A talented writer may hope to act as no more than a beacon – or rarely, if exceptionally gifted, produce an unexpected bolt of lightning – in the cruel but splendid labyrinth of human experience, the labyrinth of our being.
Nadine Gordimer was born in 1923 in Springs, a small mining town near Johannesburg, in South Africa's Transvaal district.
Both her parents were Jewish immigrants: her father was a Lithuanian jeweller, while her mother was of English descent.
Gordimer was educated at a Catholic convent school, and later studied for a year at the University of Witwatersrand in Johannesburg.
It was here that Gordimer, having for the first time encountered the difference in the treatment of black and white students, became actively involved in the anti-apartheid movement. She came into contact with Nelson Mandela's African National Congress (ANC). She divided her time between her political activism against apartheid and her career as a writer. Several of her books were banned in South Africa. In 1987, Gordimer was one of the founders of the Congress of South African Writers, an association whose main aim is to promote and encourage literature among the poorer communities.
The bond between Nadine Gordimer and her writing developed over a long period – when she was very young, her mother always encouraged he to read and write.
At just 15, she published her first short story, The Quest for Seen Gold, in a South African magazine. Her first collection of short stories, Face to Face, was published in 1949. Four years later, with the publication of her first novel, The Lying Days, she described the early days of the anti-apartheid movement in a small South African township.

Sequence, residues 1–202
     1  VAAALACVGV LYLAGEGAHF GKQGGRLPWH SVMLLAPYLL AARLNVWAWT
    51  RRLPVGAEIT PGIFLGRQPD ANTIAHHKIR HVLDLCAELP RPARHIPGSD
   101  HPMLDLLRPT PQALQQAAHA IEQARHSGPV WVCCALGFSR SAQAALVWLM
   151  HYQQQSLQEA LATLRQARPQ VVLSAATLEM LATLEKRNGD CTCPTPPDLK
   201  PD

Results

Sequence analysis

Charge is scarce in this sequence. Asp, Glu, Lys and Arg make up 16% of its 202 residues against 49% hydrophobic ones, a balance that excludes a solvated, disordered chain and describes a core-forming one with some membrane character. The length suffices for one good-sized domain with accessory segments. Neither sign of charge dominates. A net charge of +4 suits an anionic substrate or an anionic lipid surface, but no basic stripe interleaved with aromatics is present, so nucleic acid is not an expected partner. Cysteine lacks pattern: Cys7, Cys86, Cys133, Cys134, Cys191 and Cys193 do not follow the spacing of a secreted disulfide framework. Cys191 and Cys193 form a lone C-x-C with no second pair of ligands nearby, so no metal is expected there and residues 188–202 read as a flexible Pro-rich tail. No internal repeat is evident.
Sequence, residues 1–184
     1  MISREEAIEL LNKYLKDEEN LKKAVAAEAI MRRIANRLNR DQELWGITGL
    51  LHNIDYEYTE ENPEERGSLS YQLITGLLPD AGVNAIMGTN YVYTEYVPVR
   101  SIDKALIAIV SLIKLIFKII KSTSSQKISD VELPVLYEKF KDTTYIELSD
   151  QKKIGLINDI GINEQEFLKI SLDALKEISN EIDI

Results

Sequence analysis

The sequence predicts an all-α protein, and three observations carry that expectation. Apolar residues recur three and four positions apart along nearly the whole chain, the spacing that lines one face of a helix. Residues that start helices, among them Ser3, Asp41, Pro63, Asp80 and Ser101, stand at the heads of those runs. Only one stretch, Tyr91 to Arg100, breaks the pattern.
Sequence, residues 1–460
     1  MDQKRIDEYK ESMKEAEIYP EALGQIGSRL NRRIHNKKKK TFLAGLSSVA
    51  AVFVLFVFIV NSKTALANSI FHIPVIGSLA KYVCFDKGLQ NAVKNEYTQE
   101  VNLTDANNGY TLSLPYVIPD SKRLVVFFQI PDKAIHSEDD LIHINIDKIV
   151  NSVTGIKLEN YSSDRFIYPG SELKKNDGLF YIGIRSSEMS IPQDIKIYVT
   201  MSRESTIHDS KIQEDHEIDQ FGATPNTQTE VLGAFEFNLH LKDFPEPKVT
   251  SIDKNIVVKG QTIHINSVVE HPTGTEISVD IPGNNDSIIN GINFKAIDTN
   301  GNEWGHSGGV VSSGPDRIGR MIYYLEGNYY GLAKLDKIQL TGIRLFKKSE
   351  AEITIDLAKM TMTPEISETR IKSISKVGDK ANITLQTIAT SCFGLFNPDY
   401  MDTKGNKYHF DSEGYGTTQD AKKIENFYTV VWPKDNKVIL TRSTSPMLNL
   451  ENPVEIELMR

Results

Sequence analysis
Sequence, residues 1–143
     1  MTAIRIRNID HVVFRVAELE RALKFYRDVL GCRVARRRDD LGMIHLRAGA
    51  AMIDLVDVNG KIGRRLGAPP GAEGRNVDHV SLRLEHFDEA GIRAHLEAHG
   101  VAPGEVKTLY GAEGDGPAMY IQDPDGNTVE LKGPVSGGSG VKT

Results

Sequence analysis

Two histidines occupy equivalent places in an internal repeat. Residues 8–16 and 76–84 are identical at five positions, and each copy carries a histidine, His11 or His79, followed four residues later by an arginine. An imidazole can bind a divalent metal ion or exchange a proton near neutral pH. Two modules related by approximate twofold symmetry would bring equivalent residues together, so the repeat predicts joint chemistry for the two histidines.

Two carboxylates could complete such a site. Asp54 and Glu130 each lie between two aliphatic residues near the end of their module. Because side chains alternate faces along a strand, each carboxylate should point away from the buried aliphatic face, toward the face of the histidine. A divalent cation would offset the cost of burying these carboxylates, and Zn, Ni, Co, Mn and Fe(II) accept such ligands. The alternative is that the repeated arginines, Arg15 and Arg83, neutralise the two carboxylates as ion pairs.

Her writing technique became increasingly complex after the mid-1970s. In A Guest of Honour (1971), and especially in The Conservationist (1972) – which won her the “Booker Prize” in 1974 – her literary language became increasingly African in an attempt to overcome the barriers between the black population and the Afrikaners. In these novels, as in those which followed – Burger's Daughter (1979) and July's People (1981) – Nadine Gordimer described the complex social and political context as seen from the particular perspectives of her characters. In July's People, the dramatic clashes which took place in 1976 in Soweto between black students and the police remain in the background, while the central theme revolves around the Smales, a white family forced to flee their home.
Even after 1994, the year in which the ANC won the elections and Nelson Mandela was elected as President of South Africa, Gordimer did not abandon her racial themes: in The House Gun (1998), the main character was a white murderer defended by a black lawyer; in her latest novel, Get a Life (2005), her observations and reflections on the new poor in post-apartheid South Africa are intertwined with other contemporary issues, such as the need to safeguard Nature, the country's economic growth, the fight against AIDS and the complexity of human relationships.
As well as being a prolific writer of novels, Nadine Gordimer has written numerous essays and newspaper articles. Living in Hope and History, Writing and Being and The Essential Gesture: Writing, Politics and Places were published in Italy as Vivere nella speranza e nella storia, Scrivere ed essere and Vivere nell’interregno.
The writer has received numerous prizes and awards for her works, including the Booker Prize (1974), the Grinzane Cavour Prize (1985 and 2006) and the Carlo Levi Prize (2002).
In 1991, she was awarded the Nobel Prize for Literature, and for many years Gordimer has been Goodwill Ambassador for the United Nations.
She lives and works in Johannesburg.
Net resources and links:
Feltrinelli site (Lafeltrinelli.it): fact sheets, bibliography, interviews and more about Nadine Gordimer.